activity but also a potential signi er of oppression and liberation. It provided
a statement about not only an expanded conception of humanity but also the
necessity to break-out from the colonial legacy which had affected the
development of the West Indies. In placing cricket centre stage, James
attempted to transcend the division between high and popular art. The
cricketer, in the 1960s, was seen as a modern expression of an individual
personality pushing against the limits imposed upon his or her full develop-
ment by society (class/colonial/nationhood/periphery). Non-white cricket
came rst to challenge then to overthrow the domination of West Indian
cricket by members of the white plantocracy. By the 1980s some writers had
                      New politics of race and racism                      215
argued that the transformation of West Indian cricket had come full circle
from being a symbol of cultural imperialism to being a symbol of Creole
nationalism (Burton, 1991).

Black feminism, identity politics and sport
Sojourner Truth’s famous question ‘Ain’t I a woman?’ was a question that
was asked in the middle of the nineteenth century and yet it remained a
pertinent question that might be asked of many feminist writings on sport and
leisure. There is simply no black feminist intervention on sport or leisure
equivalent to that made by C.L.R. James in Beyond a Boundary and yet black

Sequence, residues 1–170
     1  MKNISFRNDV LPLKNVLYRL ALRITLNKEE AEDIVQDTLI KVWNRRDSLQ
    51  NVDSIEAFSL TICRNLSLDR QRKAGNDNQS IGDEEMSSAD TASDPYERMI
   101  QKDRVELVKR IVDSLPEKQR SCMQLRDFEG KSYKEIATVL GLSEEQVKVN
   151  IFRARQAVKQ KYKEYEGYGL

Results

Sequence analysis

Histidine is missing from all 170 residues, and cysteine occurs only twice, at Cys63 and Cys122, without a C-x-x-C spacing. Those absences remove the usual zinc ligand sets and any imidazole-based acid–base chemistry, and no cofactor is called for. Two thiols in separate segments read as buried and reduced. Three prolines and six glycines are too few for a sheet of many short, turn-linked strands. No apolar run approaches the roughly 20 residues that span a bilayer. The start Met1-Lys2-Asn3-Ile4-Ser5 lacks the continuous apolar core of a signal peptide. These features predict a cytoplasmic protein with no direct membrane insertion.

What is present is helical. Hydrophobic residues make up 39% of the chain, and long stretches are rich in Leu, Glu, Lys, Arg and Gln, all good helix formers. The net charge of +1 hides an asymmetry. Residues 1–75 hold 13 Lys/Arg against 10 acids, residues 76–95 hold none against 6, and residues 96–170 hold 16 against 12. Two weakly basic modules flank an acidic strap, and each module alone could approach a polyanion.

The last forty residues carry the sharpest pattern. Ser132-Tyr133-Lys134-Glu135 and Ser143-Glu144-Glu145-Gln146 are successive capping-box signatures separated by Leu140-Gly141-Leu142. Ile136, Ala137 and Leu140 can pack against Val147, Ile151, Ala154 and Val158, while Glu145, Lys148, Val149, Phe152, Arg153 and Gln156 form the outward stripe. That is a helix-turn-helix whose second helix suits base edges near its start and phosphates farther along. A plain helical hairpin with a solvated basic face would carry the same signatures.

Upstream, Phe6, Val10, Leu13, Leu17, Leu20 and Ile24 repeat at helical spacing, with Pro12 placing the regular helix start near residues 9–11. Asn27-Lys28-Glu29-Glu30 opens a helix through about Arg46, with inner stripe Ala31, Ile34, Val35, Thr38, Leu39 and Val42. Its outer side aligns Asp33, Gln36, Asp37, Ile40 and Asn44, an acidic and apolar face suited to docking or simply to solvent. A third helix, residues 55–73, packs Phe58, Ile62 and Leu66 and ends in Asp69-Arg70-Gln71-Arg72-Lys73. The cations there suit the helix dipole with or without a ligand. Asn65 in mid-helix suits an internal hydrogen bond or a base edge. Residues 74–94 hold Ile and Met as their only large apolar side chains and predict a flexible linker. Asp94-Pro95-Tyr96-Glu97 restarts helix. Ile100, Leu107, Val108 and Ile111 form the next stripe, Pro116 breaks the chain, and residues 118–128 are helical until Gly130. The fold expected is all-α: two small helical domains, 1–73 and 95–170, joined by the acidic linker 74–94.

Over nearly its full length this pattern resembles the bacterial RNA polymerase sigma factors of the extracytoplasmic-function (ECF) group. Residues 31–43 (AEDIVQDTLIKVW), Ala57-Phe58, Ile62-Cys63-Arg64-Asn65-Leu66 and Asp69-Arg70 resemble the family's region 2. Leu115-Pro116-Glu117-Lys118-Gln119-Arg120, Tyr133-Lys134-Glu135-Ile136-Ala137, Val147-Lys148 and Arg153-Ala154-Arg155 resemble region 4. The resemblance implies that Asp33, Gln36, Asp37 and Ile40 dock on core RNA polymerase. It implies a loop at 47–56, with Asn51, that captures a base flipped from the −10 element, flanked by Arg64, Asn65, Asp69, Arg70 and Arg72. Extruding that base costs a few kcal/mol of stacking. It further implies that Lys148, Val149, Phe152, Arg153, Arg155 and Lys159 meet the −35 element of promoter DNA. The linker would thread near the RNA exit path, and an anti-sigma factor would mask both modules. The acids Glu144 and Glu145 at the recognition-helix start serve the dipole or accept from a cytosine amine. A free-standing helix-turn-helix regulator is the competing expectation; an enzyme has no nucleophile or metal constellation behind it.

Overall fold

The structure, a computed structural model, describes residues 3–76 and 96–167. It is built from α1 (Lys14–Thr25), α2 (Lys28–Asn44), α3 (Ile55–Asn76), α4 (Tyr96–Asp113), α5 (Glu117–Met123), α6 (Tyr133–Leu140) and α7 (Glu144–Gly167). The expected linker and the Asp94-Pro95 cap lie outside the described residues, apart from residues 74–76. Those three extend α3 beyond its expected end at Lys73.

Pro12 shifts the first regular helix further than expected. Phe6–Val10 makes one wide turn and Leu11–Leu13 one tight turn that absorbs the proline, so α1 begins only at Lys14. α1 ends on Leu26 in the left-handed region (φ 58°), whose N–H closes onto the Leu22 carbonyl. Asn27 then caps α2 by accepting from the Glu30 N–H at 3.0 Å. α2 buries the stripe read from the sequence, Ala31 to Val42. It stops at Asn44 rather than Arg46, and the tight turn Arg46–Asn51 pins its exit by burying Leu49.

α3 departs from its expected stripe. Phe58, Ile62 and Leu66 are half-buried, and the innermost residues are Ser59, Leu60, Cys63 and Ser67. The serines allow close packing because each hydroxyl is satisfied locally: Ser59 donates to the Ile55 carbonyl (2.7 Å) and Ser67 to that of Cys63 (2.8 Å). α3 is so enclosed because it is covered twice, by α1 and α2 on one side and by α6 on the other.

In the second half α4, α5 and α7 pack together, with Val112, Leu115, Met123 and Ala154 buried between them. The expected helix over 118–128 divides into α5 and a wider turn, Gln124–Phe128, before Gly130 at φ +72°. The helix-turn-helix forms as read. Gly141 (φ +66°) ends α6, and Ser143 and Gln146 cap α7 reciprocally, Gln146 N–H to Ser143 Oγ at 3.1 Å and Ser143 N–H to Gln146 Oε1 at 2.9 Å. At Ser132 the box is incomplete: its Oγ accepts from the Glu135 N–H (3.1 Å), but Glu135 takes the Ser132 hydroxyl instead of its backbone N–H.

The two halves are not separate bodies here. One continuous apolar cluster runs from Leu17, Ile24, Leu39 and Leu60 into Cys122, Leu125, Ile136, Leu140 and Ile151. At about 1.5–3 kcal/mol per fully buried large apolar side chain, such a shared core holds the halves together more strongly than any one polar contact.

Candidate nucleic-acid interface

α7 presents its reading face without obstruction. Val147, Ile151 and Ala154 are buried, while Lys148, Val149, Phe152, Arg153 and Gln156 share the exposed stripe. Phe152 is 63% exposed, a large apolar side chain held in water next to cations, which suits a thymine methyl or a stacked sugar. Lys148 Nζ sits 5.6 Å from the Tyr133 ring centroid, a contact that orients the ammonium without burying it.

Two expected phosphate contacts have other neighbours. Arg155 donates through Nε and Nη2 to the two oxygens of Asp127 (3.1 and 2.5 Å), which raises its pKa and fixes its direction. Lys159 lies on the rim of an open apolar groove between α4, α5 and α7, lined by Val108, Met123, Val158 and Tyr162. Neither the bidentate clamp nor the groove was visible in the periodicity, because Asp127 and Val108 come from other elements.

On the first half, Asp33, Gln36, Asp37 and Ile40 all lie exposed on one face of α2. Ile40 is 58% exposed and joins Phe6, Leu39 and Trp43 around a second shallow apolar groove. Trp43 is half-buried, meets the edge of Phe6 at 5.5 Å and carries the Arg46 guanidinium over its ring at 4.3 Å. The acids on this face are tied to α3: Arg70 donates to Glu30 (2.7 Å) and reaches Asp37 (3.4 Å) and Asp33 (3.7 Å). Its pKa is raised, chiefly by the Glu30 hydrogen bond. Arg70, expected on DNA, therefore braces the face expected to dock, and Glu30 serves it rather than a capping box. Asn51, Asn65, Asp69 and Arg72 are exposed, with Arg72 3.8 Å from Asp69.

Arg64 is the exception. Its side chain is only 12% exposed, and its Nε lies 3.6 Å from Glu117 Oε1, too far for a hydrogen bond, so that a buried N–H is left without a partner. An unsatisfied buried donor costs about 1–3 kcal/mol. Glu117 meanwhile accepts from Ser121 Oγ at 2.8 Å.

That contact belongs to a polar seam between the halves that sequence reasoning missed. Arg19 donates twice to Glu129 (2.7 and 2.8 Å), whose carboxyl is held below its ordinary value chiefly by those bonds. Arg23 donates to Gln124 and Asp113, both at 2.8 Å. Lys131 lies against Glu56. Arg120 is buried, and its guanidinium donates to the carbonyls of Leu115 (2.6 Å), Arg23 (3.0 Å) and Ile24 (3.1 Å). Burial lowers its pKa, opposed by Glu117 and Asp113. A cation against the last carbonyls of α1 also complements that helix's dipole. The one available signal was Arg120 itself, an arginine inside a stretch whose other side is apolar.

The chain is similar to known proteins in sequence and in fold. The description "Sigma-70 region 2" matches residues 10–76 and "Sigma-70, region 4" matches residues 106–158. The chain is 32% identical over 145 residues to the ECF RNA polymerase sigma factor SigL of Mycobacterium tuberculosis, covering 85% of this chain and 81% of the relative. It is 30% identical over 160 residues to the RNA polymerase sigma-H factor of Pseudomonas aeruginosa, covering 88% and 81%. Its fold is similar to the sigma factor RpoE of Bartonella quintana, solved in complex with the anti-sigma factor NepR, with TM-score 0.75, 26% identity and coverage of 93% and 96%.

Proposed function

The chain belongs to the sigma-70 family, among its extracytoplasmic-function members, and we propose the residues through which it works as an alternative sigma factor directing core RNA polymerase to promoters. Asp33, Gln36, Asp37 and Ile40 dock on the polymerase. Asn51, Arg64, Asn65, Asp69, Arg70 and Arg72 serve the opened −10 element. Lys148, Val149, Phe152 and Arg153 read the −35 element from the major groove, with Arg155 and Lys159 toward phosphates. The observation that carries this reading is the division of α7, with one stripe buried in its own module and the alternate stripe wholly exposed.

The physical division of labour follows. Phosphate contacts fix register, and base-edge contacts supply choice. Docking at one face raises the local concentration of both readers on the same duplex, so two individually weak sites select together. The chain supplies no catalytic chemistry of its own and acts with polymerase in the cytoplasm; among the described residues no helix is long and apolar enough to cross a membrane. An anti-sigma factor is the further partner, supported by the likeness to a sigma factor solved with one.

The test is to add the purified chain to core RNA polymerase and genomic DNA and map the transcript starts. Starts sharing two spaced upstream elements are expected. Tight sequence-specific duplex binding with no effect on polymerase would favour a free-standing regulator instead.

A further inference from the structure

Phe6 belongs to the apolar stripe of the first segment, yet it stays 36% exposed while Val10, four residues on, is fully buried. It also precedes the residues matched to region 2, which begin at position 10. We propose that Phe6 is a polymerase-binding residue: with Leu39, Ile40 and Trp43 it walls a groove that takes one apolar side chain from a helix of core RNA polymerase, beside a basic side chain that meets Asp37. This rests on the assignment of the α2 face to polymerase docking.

feminist thought has yielded a radical critique of both the sociology of sport
and white European feminism (Mathewson, 1996; Plowden, 1995). The
existence of athletes such as Anna Quirot, Esther Kiplagat, Lydia Cheromei,
Derartu Tulu, Merlynne Ottey, Phyllis Watt, Jennifer Stoute and Hassiba
Boulmerka could help to open up the history and experiences of black women
athletes in Cuba, Kenya, Ethiopia, Jamaica, Great Britain and Algeria. Such
case studies would be capable of opening up a broader understanding of both
identity politics and the role of sport in black communities.
   For example, the case of Hassiba Boulmerka may be illustrative of a much
loved Arab, African sporting women forced at a particular moment in her
athletic career to leave Algeria for France in order to escape a backlash from
Islamicists and Muslim zealots (The Independent, 12 August 1991). Winner
of the women’s 1500 metres nal at the World athletic championships in
1991, Boulmerka became the rst Algerian, the rst Arab and the rst African
woman to win any gold medal at any World athletic championships. On her
return to Algeria the then President Chadli Benjedid greeted her as a national
heroine. But Muslim zealots denounced her from the pulpit for baring her
most intimate parts (her legs) before millions of television viewers. Fur-
thermore, President Benjedid was himself publicly denounced for embracing a
woman in public. The row underscored the clash between modernity and
Islamic traditionalism, the fastest growing social and political force in
Algeria. This clash was all the more surprising given Algeria’s position in the